Council ups money for parks, will study traffic
The fees that Grass Valley charges to people building a new building will go up, but not as much as had been projected by a draft fee proposal.
After meeting for hours with business people, people concerned about traffic and finance specialists, Grass Valley City Council members voted unanimously late Tuesday to continue studying the fees they charge to pay for road improvement and traffic impact.
The city’s draft proposal for fee increases had some types of new buildings paying increases of as much as 769 percent that would go toward local road projects.
Instead, people will continue to meet through at least mid-June to work out a more realistic fee structure.
“We’re in agreement that the fees need to go up and that we’re not collecting enough,” said Barbara Bashall, executive director of the Nevada County Contractors’ Association. She urged council members “to do a traffic model and come up with a good basis for a traffic mitigation fee program.”
Part of the work will be to look at the road projects and traffic mitigations that had been proposed originally, and weed out those projects that either cannot be fully funded or which are lower in priority.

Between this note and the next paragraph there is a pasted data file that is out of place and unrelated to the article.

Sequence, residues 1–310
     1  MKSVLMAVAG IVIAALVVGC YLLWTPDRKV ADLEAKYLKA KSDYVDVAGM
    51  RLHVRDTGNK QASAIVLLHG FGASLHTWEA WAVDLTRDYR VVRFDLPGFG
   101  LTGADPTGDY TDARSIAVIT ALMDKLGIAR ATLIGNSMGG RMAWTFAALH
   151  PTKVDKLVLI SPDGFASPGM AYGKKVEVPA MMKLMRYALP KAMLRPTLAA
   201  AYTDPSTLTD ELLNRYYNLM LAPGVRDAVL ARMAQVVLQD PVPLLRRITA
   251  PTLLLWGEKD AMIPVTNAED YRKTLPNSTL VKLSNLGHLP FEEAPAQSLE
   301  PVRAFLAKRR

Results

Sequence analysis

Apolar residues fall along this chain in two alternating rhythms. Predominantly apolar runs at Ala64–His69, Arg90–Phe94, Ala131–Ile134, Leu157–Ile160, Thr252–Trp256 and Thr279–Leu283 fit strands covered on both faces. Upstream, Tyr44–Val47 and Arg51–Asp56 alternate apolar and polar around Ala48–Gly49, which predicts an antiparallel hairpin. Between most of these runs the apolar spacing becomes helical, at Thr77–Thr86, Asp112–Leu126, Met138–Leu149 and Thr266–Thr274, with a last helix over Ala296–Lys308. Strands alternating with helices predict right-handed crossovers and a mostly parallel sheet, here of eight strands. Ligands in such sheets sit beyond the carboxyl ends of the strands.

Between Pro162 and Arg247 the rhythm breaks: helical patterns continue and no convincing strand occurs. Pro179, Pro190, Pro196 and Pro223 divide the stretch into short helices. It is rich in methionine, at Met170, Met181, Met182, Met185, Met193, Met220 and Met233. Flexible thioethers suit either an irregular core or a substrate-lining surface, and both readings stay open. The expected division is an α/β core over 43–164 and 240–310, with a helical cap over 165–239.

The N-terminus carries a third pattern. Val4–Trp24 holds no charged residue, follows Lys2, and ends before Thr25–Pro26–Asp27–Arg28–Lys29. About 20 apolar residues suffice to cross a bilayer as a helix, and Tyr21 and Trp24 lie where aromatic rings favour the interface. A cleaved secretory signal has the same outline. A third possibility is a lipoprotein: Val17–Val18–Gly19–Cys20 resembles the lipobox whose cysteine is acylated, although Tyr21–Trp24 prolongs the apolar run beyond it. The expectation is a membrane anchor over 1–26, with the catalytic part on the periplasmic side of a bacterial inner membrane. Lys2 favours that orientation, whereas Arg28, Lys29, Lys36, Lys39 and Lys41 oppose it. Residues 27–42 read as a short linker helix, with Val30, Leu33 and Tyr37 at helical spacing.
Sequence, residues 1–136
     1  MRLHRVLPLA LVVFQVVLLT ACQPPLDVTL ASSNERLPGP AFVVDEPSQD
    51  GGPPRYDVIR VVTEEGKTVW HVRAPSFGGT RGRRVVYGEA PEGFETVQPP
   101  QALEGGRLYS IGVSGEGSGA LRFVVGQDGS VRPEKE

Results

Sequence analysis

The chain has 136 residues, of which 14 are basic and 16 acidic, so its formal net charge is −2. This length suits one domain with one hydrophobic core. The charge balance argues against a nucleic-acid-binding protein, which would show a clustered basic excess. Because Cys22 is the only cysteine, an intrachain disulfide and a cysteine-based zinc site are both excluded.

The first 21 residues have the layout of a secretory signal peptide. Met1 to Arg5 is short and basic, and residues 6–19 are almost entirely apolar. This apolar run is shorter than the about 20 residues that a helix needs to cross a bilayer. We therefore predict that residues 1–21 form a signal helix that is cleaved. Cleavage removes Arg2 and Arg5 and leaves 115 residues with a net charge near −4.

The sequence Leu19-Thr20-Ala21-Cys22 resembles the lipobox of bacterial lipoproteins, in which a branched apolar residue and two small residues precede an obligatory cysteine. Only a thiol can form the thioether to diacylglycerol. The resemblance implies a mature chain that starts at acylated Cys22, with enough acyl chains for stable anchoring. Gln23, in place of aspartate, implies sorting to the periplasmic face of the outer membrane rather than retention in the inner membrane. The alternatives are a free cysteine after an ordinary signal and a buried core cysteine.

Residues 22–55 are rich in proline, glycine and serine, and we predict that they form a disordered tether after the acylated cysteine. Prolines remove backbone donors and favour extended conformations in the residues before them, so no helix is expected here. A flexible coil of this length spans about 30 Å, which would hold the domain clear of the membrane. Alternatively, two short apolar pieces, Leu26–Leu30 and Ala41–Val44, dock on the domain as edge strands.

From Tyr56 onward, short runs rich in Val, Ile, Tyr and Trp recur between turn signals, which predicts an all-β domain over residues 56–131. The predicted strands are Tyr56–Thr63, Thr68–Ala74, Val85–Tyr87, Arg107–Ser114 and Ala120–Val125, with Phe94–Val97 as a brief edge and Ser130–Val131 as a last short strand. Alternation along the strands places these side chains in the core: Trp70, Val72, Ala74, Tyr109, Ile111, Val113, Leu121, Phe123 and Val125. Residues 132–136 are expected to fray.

That would lead to a smaller fee increase than originally proposed.
City staff, fee specialists and members of the public also will continue to work on fees for water, drainage and sewage, after another 5-0 vote Tuesday. That work is expected to continue through at least the end of May, according to the schedule worked out by city finance director Carol Fish.
In related matters, council members also approved higher fees to pay for the increased burden on government facilities caused by growth.
However, at the suggestion of Councilman Mark Johnson, they also agreed to remove from the fee calculations $1.2 million earmarked to expand City Hall.
The new construction is not included in the building plan, Johnson pointed out.
That change will bring down another element in the overall fee structure.
In another vote, council members approved fee increases to acquire more park land. However, Mayor Gerard Tassone said the city needs to find ways to shift some costs of parks maintenance.
“The majority of impact (on parks) is coming from outside the city. The city’s picking up most of the tab,” Tassone said. “How do you establish the fair share?”
The fees are going up as a part of the city’s effort to charge what it really costs to improve and maintain roads, traffic conditions, parks, public safety and infrastructure for buildings and city utilities.
Council had previously approved a new fee structure to pay for police, fire and animal control services. They went into effect in December.
To contact staff writer Trina Kleist, e-mail firstname.lastname@example.org or call 477-4231.
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